03-22-2008, 01:25 AM
Snake River Fly Fishing Floats In Jackson Hole
Snake River Fly Fishing
Floating the Snake River in Jackson Hole begins just below the dam at Jackson Lake and continues down to the Whitewater stretch above Palisades Reservoir in Alpine Wyoming. I've floated most but not all of these stretches. There are a total of 8 or 9 stretches I believe. The first 4 of which are located in Grand Teton National Park. Floating in the park requires a boat permit. You can get your permit at the Park Visitors Center in Moose. They are not expensive and are good for one year. The next 4 to 5 stretches are outside the park and do not require a permit. Just remember that above the high water mark is private property.
[img2="left"]http://www.theflyfishingforum.com/forums/geek/gars/images/4/thumb_snakriver.jpg[/img2] The first stretch is the Dam to Pacific Creek. This is one of the shortest stretches at approximately 5 miles. The river tends to be slow meandering deep water on this stretch, and has few riffles and side channels. I've only floated this stretch once about 12yrs ago. It was a couple weeks before the spring runoff. Temperature was in the mid 40s so we were slow fishing streamers and nymphing. Be warned that pre season you will have to slide your boat down the snow from the parking lot to launch. I assume you can back your trailer down the bank once the snow melt. Best to check with the Park Service when you get your boat permit.
Stretch number 2 is Pacific Creek to Deadmans Bar. This stretch is one of my personal favorites. Water is faster with some nice riffles you can hop out and work on foot. River braides up some in this stretch and hold nice fish. Pre season fishing will be mostly streamers and nymphs. After the runoff dry fly action will pick up and continue right through fall.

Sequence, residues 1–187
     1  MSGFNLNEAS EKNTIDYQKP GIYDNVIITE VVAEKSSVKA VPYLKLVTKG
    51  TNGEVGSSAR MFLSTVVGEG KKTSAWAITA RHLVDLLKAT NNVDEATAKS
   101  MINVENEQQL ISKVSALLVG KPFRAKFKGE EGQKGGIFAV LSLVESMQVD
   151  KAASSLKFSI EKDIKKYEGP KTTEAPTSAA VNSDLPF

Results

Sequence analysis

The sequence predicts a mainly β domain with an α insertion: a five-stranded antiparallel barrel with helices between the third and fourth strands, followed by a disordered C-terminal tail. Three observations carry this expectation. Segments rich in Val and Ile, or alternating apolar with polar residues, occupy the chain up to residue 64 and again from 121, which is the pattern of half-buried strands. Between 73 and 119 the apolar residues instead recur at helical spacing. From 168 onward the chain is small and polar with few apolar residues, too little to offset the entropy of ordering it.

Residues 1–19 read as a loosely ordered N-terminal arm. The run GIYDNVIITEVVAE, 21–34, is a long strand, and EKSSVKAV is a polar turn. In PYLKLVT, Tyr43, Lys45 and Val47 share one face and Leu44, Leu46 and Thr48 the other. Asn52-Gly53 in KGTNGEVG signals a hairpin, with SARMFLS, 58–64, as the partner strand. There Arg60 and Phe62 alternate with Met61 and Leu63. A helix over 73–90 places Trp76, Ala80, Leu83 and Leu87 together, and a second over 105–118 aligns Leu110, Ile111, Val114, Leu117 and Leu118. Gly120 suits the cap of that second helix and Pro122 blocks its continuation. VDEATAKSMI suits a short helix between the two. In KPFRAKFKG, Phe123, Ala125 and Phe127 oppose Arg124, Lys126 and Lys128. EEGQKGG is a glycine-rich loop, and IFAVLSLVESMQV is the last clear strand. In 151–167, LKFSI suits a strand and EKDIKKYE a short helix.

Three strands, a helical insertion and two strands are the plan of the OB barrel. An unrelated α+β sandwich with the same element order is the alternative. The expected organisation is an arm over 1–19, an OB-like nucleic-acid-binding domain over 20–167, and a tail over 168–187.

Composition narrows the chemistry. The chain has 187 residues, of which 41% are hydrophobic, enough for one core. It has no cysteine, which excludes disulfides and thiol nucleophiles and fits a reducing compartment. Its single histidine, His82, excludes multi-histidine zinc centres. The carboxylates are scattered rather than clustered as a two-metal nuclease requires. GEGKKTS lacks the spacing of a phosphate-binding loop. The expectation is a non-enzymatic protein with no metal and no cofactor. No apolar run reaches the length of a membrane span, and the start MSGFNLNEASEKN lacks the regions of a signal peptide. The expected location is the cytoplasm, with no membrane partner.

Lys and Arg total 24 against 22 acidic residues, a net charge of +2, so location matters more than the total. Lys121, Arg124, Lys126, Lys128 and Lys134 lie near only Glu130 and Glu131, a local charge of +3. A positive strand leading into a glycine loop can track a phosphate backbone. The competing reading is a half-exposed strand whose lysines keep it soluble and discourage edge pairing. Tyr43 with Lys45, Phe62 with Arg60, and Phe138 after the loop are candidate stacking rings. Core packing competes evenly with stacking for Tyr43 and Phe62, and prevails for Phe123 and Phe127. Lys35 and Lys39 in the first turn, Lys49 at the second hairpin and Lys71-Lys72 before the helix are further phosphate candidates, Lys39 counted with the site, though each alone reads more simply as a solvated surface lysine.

Stretch number 3 is Deadmans to Moose. Deadmans is on the east bank and Moose is on the west bank. The road into Deadmans is gravel and can be a bit bumpy early and late in the season. The boat launch at Moose is located behind the Visitors Center where you got your permit. It is paved and rather steep not to mention busy with both recreational and commercial traffic. Take your time and wait your turn. When your turn comes launch or load your boat quickly and clear the ramp. Sort your gear afterwards. This stretch holds good
fish in the 14 inch to 24 inch range. There are more side riffles and side channels and is really good once the hoppers start flying. About 2/3s of the way down there is a nice spring creek flowing in on the west bank that you can walk back in if no one is there ahead of you. This creek holds nice fish 16 inches and up and is definitely worth a stop.
Stretch number 4 is Moose to Wilson. Both the put in and take out are on the west bank of the river. First mile or so is still in the Park so a permit is required. Basically about the same as Deadmans to Moose. Water flows a bit faster as there is a greater drop in elevation. Not as many side channels due to the number of rock levies built to protect homes from flooding. Still a really good stretch. Holds nice fish and offers good streamer, nymph and dry fly action.
The 5th stretch is Wilson to South Park. I spend 90% of my guiding time on this stretch. Both the boat launches are gravel. Wilson is well maintained while South Park receives little maintenance as it is on private property.As this stretch is close to town and does not require a permit sine it is outside the park it can be busy. Please use proper boat ramp etiquette and don't crowd other floaters. This is where the riverbed widens out from levy to levy. The result is many side channels, riffles and pocket water providing plenty of opportunities to get out and work river on foot. This stretch hold lots of nice fish. Many of which are in the 14 to 24 inch range. The length is 12 miles and depending on water flow and time spent out of the boat can take anywhere from 4 hours to all day.
There are 3 to 4 more stretches from South Park to the Whitewater. I have not fished these myself but have heard good things about them. If you are interested in these stretches check with the local fly shops. Also check with them about any new river hazards like log jams and impassable channels. The will also be glad to help you with with current fishing reports and recommended shuttle services.
Don't forget your sunscreen as you will be about 7,000 feet closer to the sun here. Bring rain gear and extra layers as adverse weather can blow in quickly. One member of your party should remember to bring a camera to document your adventure. Last but not least be safe and have fun.